# How to convert decimal with fraction to a binary

Can anyone help me please. I want to know how to convert a decimal number that has fraction to binary number. For example 1,7 or 24.6 etc... I know how to convert a whole number to binary but I'm struggling with this. Thanks in advanced for any help.

• For the fractional part, multiply by 2: if the answer is $\geq 1$, that digit is a one, otherwise it’s a zero. If it’s $\geq 1$, subtract 1. Then repeat.
– Joe
Aug 27 '19 at 15:01

Let's take $$24.6$$ as an example. Presumably, you know how to convert $$24_{10}$$ into $$11000_2$$, so I won't bother to explain that in any detail.

That means we're left with $$0.6_{10}$$ unaccounted for. Here is the standard algorithm for converting that to binary:

Multiply by $$2$$. We get $$1.2_{10}$$. This is larger than or equal to $$1$$, so the next bit after the point is $$1$$. Thus so far we have $$11000.1_2$$. We've taken care of the $$1$$ in $$1.2_{10}$$, so we remove that and are left with $$0.2_{10}$$.

Multiply by $$2$$. We get $$0.4_{10}$$. This is less than $$1$$, so the next bit in our number is $$0$$. Thus so far we have $$11000.10_2$$.

Multiply by $$2$$. We get $$0.8_{10}$$. This is less than $$1$$, so the next bit in our number is $$0$$. Thus so far we have $$11000.100_2$$.

Multiply by $$2$$. We get $$1.6_{10}$$. This is greater than or equal to $$1$$, so the next bit in our number is $$1$$. Thus so far we have $$11000.1001_2$$. We have now taken care of the $$1$$ in $$1.6_{10}$$, so we remove that and are left with $$0.6_{10}$$.

And so on.

As for why this works, this is basically a different way of saying "repeatedly multiply by $$2$$, then check whether the one's bit of the result is $$0$$ or $$1$$". (In other words, if you lop off everything after the point, is the result even or odd?) This is what we want to look for because multiplying by $$2$$ will cause the binary point to just move one spot to the right. So for each time we multiply by $$2$$, we are studying the next bit and only the next bit. The subtracting of $$1$$ is there only to make the calculations more bearable, especially if we want to keep doing it for a while, or we want to be certain that we've hit a repetition.

• Thank you so much, this helped me a lot! If I can also ask, how to reverse the process from Binary to Decimal. The numbers after the decimal point I mean, I.E(11000.100) the .100 in this example. Thanks again for your help truly! Aug 27 '19 at 15:56
• @random-xyz In the same way. Multiply by ten, look at the integer part, convert that to decimal. Remove the integer part, then multiply by ten again. Rinse and repeat. Multiplying by ten in binary isn't as easy as multiplying by two in decimal, but the core idea is the same. Or, you could do it directly: $0.1_2 = 0.5_{10}$, then $0.01_{2} = 0.25_{10}$, and so on. Just add up all that apply (in our case, $0.5 + 0.0625 + 0.03125 + \cdots = 0.6$). Aug 27 '19 at 16:01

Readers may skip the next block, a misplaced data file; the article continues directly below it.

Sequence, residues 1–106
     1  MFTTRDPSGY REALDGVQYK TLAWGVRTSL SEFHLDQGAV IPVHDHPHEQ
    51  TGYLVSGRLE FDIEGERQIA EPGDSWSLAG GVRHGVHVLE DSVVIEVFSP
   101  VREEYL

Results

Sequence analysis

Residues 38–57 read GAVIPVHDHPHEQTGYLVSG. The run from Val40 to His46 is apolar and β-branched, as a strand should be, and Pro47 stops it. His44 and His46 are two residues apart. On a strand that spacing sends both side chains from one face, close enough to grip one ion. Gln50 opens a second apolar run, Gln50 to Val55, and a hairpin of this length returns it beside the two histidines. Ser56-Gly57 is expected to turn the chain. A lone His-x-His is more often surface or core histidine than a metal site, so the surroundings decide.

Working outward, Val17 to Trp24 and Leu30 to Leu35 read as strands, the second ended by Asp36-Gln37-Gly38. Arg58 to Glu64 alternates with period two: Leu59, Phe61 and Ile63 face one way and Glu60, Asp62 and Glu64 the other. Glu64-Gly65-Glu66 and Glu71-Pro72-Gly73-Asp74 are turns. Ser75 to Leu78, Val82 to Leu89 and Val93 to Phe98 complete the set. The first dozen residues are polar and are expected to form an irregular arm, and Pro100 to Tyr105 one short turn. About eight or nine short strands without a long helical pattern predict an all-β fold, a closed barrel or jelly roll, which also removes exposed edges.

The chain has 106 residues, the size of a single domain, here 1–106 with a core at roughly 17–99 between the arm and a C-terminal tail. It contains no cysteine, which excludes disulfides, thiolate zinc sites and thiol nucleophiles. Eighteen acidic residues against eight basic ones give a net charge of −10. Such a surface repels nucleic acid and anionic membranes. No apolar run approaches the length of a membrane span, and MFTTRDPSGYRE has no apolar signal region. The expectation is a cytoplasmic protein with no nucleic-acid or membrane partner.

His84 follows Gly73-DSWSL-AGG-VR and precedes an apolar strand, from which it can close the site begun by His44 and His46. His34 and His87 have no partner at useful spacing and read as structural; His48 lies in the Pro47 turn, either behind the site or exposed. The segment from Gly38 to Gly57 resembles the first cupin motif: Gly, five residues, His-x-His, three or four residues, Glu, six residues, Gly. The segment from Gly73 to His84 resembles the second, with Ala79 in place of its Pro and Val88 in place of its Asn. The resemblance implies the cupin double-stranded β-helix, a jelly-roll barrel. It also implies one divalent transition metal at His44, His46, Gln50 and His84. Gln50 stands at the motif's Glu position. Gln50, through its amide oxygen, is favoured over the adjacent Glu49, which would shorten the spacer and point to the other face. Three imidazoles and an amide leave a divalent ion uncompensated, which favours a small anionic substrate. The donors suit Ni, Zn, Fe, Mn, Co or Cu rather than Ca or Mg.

• (Word of warning: When multiplying by $10$, you may encounter the infamous $0.11111\ldots_2$. Remember that that's equal to $1$. And similarily, $101.11111\ldots_2 = 110_2$, and so on.) Aug 27 '19 at 16:04
• Thanks again Arthur. I'm sorry, my stupidity is kicking in:( and can't get the reverse part. If possible can you please give me an example on how to reverse back to Decimal. I'm really sorry for the trouble. Aug 27 '19 at 16:17
• @random-xyz Take $0.1010\ldots_2$ as an example. Multiply by $10_{10}=1010_2$ to get $110.1010\ldots_2$. The integer part is $110_2=6_{10}$, so the first digit after the point is $6$. Lop that off to get $0.1010\ldots_2$. Rinse and repeat. Aug 27 '19 at 16:32

Having converted the whole part, you can think of the process as finding which of $$\frac 12, \frac 14, \frac 18, \frac 1{16},\ldots$$ you need to add together to get the fractional part. If the denominator is not a power of $$2$$ the expansion will repeat. Keep doubling the fraction and keep track of the carries into the $$1$$s place. For your example of $$\frac 35=0.6$$ you would do $$0.6 \cdot 2=1.2=0.2+1\\ 0.2 \cdot 2 = 0.4=0.4+0\\ 0.4 \cdot 2 = 0.8=0.8+0\\ 0.8 \cdot 2=1.6=0.6+1$$ And we are back where we started, so this is the repeat. We have $$0.6_{10}=0.\overline{1001}_2$$

If you have some number $$a$$ with $$n$$ digits repeated in binary, then you have $$a2^{-n}+a2^{-2n}+...$$ (each time you repat the number, you're multiplying it by another factor of $$2^{-n}$$. This is a geometric series, so it adds up to $$\frac {a2^{-n}}{1-2^{-n}}=\frac a {2^m-1}$$. The decimal $$.6$$ is equal to $$\frac 3 5$$, so we're looking for $$n$$ such that $$2^n$$ is divisible by $$5$$, which leads to $$n=4$$, $$2^n=16$$, $$2^n-1=15$$. Then $$a=9$$, and $$9$$ in binary is $$1001$$. Thus, $$.6_{10}=.\overline{1001}_2$$

This works for other fractions. For instance, $$\frac 1 {11}=\frac{93}{1023}=\frac{93}{10^{10}-1}$$, $$\frac{1}{11} = .\overline{0001011101}_2$$.

This also applies to base ten: $$\frac 1 {11} = \frac 9 {99}= \frac 9 {10^2-1}$$, so $$\frac 1 {11} = .\overline{09}$$